The life cycle of this insect consists of egg development, two nymphal stages, a non-feeding prepupal stage and a pupal stage. A single thrips could produce up to seven generations when living in favorable temperate conditions and more than twelve generations when living in favorable tropical conditions. The average life span of an H. haemorrhoidalis is about one month.
The female independently lays eggs under the surface of leaves or on fruits. If there are exposed areas, females carry the eggs in accessory gland secretions and in feces. The eggs hatch to release the larvae after 14-15 days in environments at 26-28°C and hatch in 16-22 days at 21-25°C.
Some larvae tend to carry fecal droplets on the tip of their abdomen to act as a repellent against predators. After emergence, the female takes about 4-6 days to start oviposition. They produce up to 47 eggs when conditions are right.
The first and second larval stage lasts 9 to 16 days depending on the temperature of the area they live in.
In the prepupal and pupal stages the insect does not feed. The prepupal and pupal stage lasts 3-6 days depending on the temperature of the area they live in. The prepupal and pupal stage will last 3-6 days depending on the temperature of the area they live in.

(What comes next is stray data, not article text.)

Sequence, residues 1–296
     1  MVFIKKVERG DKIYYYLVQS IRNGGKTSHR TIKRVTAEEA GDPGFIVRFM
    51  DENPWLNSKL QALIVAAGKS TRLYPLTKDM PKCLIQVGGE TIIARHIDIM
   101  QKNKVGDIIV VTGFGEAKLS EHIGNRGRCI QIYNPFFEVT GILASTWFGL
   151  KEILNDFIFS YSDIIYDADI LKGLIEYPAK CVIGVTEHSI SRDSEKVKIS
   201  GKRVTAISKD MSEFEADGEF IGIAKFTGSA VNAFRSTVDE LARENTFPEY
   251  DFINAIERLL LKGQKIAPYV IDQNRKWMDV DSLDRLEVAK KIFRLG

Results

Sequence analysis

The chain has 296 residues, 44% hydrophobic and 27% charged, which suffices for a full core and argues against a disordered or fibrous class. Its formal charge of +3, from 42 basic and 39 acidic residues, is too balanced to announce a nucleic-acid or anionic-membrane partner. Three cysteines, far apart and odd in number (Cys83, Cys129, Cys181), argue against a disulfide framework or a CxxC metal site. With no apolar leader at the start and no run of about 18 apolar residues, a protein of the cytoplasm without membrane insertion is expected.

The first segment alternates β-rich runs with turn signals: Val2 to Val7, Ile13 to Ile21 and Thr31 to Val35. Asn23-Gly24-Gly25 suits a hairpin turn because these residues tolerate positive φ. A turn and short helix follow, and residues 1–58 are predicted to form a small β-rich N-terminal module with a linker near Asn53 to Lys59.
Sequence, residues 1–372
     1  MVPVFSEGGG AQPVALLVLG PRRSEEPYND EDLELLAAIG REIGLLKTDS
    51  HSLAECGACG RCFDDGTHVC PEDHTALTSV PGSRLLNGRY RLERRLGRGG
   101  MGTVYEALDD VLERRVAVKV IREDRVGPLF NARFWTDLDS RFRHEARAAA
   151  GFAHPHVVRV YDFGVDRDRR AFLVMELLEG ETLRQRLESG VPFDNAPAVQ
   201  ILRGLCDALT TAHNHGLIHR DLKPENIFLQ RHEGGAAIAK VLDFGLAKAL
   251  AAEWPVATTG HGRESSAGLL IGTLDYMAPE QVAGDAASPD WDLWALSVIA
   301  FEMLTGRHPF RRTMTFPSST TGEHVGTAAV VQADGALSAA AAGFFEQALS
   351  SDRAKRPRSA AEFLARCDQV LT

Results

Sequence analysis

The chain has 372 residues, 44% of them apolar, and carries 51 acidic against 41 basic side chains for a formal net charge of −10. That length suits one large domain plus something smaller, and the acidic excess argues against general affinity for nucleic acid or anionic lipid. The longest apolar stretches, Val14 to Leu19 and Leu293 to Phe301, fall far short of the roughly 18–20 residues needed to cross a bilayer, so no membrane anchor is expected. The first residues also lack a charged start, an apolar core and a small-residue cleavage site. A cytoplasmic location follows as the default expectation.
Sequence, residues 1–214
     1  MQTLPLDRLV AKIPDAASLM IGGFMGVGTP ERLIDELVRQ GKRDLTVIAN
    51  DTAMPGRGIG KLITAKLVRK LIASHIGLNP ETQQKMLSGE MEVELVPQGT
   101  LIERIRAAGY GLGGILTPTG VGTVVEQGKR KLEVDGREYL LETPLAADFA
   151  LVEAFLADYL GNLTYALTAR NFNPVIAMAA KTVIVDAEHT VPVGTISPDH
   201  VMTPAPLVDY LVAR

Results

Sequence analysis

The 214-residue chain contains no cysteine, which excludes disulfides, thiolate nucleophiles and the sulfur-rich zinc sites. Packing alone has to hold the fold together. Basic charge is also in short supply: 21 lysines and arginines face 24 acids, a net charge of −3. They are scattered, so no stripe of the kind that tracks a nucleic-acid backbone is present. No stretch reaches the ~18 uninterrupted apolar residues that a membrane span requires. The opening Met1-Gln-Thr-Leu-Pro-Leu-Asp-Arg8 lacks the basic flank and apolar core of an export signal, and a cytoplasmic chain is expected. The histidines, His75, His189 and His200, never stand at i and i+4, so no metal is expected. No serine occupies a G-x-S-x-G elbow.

This thrips completes, depending on the environments, up to 6-7 generations per year.
Ecological role –
Heliothrips haemorrhoidalis is a polyphagous species which adapts to warm climates and consequently very common in greenhouses; it lives mainly on the underside of the leaves.
The damage occurs both on the leaves but also on fruits, such as in the lemon, while on some flowering plants, such as the gladiolus, it also affects the flowers.
The damage is determined by the trophic bites and by the punctiform and blackish excrements that smear the leaves and fruits; on the leaves it manifests itself with silvering of the leaf, necrosis and subsequent phylloptosis.
On citrus fruits, especially lemon, it causes a characteristic rustiness, following the suberification of the tissues; the russeting takes on a whitish color on ripe fruit, while it is brownish on green fruit.
Rusting can also be caused by the attack of mites such as Panonychus citri and others.
The fight against this thrips has been carried out up to now with chemical and agronomic systems, following the criteria of the guided fight.